Bill Poole dies at 87; ‘monster pioneer’ of sportfishing
Bill Poole, a legendary captain and leading pioneer of sportfishing in and beyond San Diego, has died after a struggle with lung cancer. He was 87.
Poole died Wednesday at his San Diego home with his family by his side, said Betty Stein, his longtime secretary.
Poole, who started with a barge he purchased after World War II, became a boat builder who constructed or had a hand in the construction of many top vessels still operating.
They include the Royal Polaris, Royal Star, American Angler and Spirit of Adventure. Many of them are long-range vessels that help make up the world’s most sophisticated sportfishing fleet.
Poole’s own spirit of adventure drove him to build boats that could be at sea for days and access remote areas off Mexico, where tuna, wahoo and other subtropical species teemed.
His passengers included the rich and famous, but the personable captain admired how fishing treated everyone equally. “It doesn’t matter how much money you make, how many cars you drive or how expensive your car is,” he once said. “When you step onto a boat to fish, the fish don’t give a damn.”
Poole also owned or was part-owner of sportfishing landings, marinas and other real estate in San Diego. His wife, Ingrid, said her husband had three passions: “Fishing, hunting and an entrepreneurial challenge.”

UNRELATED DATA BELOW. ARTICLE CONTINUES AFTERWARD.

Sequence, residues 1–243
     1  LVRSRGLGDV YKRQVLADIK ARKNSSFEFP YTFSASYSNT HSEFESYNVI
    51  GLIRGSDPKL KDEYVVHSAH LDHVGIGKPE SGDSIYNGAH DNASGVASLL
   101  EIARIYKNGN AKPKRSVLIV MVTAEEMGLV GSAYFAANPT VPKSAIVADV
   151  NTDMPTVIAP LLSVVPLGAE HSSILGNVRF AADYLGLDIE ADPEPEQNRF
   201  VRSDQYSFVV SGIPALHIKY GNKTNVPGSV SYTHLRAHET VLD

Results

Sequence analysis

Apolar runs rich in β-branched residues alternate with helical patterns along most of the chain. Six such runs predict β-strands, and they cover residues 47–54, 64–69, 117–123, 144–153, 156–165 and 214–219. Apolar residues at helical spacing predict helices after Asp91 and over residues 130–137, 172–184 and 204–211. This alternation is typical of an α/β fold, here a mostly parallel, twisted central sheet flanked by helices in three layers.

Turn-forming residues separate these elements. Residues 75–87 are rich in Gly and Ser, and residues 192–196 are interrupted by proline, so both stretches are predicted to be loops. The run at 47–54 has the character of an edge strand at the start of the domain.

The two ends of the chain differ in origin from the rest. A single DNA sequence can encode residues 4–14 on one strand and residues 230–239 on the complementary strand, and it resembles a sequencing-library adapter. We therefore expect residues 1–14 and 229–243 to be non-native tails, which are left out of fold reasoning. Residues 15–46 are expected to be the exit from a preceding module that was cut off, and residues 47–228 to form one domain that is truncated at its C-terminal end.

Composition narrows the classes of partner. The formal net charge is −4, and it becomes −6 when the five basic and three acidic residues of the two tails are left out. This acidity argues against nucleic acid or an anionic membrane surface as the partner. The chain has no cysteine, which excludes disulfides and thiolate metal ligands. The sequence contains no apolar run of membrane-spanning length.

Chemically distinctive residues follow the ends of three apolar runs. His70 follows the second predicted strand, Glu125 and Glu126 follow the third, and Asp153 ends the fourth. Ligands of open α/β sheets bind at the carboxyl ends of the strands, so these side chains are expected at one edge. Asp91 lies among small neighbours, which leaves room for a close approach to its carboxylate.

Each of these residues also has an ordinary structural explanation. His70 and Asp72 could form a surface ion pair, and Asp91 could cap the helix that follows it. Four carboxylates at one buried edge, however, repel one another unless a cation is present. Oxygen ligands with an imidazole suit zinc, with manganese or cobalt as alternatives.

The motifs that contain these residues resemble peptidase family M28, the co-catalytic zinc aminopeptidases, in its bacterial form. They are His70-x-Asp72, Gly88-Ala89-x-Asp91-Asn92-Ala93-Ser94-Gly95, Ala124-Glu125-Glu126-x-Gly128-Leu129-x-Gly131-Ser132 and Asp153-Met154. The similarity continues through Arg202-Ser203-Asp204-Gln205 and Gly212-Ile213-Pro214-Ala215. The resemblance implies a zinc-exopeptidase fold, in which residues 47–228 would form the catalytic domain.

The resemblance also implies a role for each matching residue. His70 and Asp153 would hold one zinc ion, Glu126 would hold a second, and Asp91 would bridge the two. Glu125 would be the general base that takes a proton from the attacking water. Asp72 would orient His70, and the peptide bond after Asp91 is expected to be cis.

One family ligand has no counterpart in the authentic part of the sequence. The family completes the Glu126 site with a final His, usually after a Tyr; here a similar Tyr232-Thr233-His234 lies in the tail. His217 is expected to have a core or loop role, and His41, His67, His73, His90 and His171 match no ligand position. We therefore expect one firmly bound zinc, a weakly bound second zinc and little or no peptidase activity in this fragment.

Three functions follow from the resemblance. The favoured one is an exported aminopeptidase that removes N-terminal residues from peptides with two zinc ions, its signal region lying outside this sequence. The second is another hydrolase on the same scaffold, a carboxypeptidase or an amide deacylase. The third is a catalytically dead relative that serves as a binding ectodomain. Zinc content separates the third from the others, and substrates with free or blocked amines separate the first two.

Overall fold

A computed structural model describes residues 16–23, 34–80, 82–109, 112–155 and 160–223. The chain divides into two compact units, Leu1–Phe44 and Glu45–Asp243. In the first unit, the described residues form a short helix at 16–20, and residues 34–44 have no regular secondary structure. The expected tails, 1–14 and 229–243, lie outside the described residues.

Poole’s hunting exploits were legendary: He once spent 57 days in pursuit of a trophy-size bighorn sheep in Wyoming.
“He was a sheep nut and a 10-foot bear nut, and an elephant nut,” said Ingrid Poole, who accompanied her husband on many hunting expeditions.
In the sportfishing industry, Poole was known as a throwback character who made loans based on trust and sealed deals with handshakes rather than contracts.
“What you saw is what you got; he was a man of his word,” said Bob Fletcher, a friend of Poole’s and a former commercial and sportfishing boat captain.
“We lost one of the monster pioneers of sportfishing; nobody else had that kind of impact on our industry,” Fletcher said.
Paul Morris, general manager of Fisherman’s Landing, which was co-owned by Poole and Frank LoPreste, worked with Poole for 42 years.
“He was like a father to me,” Morris said. “He was one of those guys who would talk to the employees like they were one of the guys. He treated them like they were part of the group.”
In addition to his wife, Poole is survived by their six children: daughters Sandra Schafer, Sherri Thomas and Billie Zambroski; and sons Randy, Eric and Stine.
A memorial service will be held Nov. 25 in San Diego.
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